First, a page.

This view keeps being put forward - both by Scots and non Scots on here - backed by no evidence other than a presumed ability to read the mind of Nicola Sturgeon. A mind that apparently harbours thoughts and desires totally at odds with those she expresses.

    I think you’re all talking bollocks. She does want Sindy. It's the basis of her whole political career. It's just a matter of how best to get there. She has to balance the risks and rewards of various courses of action. Essentially the challenge is to build momentum and force a Referendum at a time when it's winnable. It's a massive challenge but I think if anyone can do it she can.
    That's partially true:
    1) All politicians want power and NS is no different. She knows that losing an IndiRef will be the end of her career.
    2) She also knows that another referendum will be as close as the last one
    3) keeping herself primarily and the SNP secondarily in power is what matters and using an Indiref is a good mechanism to do this.

    if they wanted independence they would have spend more of the last 7 years actually convincing people of its merits rather than just using it as a grievance to GotV.
    'keeping herself primarily and the SNP secondarily in power'

    Funny, all the talk a few months ago was that she was desperate to step down and find a big org sinecure. Mind you that was from the big brayne jeenyuses who thought that Sturgeon was toast, Jackie Bailie should be the leader of UKLAB, Murdo Fraser was Perry Mason reborn and that Salmond was the best PM that the UK never had.
  • LeonLeon Posts: 21,199
    edited August 2021
    spudgfsh said:

    kinabalu said:

    kle4 said:

    malcolmg said:

    If there is no further vote on Independence whilst there is Tory Govt and wee Jimmy Krankie throws her toys of of her pram in Holyrood.. who cares? Few I would venture to suggest, bar diehard Nits.
    There is still the prospect of the law courts causing problems in Scotland.

    Sturgeon does not want a referendum, that is painfully obvious to a blind man.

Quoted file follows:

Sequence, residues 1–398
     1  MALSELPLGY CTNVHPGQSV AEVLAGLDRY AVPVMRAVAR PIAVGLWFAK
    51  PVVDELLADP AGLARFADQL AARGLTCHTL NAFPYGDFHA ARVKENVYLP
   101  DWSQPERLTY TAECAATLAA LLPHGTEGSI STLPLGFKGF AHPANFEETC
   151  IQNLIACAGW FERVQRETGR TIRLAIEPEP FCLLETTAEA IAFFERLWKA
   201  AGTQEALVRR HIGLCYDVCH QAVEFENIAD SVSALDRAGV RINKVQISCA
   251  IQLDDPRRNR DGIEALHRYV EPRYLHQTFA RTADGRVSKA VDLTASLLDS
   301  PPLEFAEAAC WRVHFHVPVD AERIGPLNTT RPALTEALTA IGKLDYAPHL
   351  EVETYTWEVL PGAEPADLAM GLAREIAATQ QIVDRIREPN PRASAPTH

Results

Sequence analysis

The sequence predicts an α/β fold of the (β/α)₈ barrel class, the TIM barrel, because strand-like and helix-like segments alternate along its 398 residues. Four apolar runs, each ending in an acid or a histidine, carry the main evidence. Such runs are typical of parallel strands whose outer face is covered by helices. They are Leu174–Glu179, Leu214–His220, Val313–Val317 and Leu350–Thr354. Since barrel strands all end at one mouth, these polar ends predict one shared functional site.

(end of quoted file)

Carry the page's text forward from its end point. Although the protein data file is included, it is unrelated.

Is it she does not want one, or that she does not care when it happens (since she is riding on top regardless and can afford to wait), or is worried if it is lost?
    Worried if it is lost.

    Just imagine the Unionists prevail again and Scotland votes No, that really would settle it for a generation.
    That might make some sense if the SNP and Scottish Government had made any attempt to move the independence debate on in the last parliament, but they didn't.

    And their visceral reaction to Alba (and most of the indy bloggers who decided the SNP were just beginning to take the piss) basically just suggested that they were only really afraid someone else might come along and threaten their very cosy position. OK, one does not expect them to roll out the welcome mat, but they went OTT.

    The SNP use independence as a cheap GOTV tactic in an election (and there's always another one of them to come along in a minute...) but there's little evidence to suggest anything other than that at the moment.

    Oh, and being skint also seems to be a handy reason for not wanting to do anything to progress independence at any pace other than glacial.
    Agreed 100%. I recommend that fellow PBers read Indyref threads and comments with the mindset that Sturgeon’s SNP don’t want independence, but daren’t admit it.
    This view keeps being put forward - both by Scots and non Scots on here - backed by no evidence other than a presumed ability to read the mind of Nicola Sturgeon. A mind that apparently harbours thoughts and desires totally at odds with those she expresses.

    I think you’re all talking bollocks. She does want Sindy. It's the basis of her whole political career. It's just a matter of how best to get there. She has to balance the risks and rewards of various courses of action. Essentially the challenge is to build momentum and force a Referendum at a time when it's winnable. It's a massive challenge but I think if anyone can do it she can.
    That's partially true:
    1) All politicians want power and NS is no different. She knows that losing an IndiRef will be the end of her career.
    2) She also knows that another referendum will be as close as the last one
    3) keeping herself primarily and the SNP secondarily in power is what matters and using an Indiref is a good mechanism to do this.

    if they wanted independence they would have spend more of the last 7 years actually convincing people of its merits rather than just using it as a grievance to GotV.
    It’s more nuanced than that. Sturgeon definitely wants independence, and she absolutely believes in it. This is clear. It’s visceral for her - as it is for many Nats, which makes them quite formidable. See the loyalty they show each other on here. Even when Stuart Dickson goes full-on Blood and Soil Tartan Gestapo, they close ranks.

    However, Sturgeon is also clever. She knows there are enormous problems with Indy as a project. The currency is just one. They still haven’t got a solution. Because there is no easy solution. Then there’s the debt, the divorce, the central bank, the English border, the EU. Sindy would be a ten year nightmare during which most Scots would feel notably poorer and more isolated.

    Sturgeon believes in Sindy as Jacob Rees Mogg believes in Brexit. ‘The proof of its correctness will be obvious in 50 years time’

    Most voters don’t have 50 year time scales in mind. They look about 5 months ahead. If Sturgeon ever gets the chance to call a vote she will probably do it, but she will do it knowing there is a great risk of losing (for the reasons adduced), which scuppers the project for 30 years or more.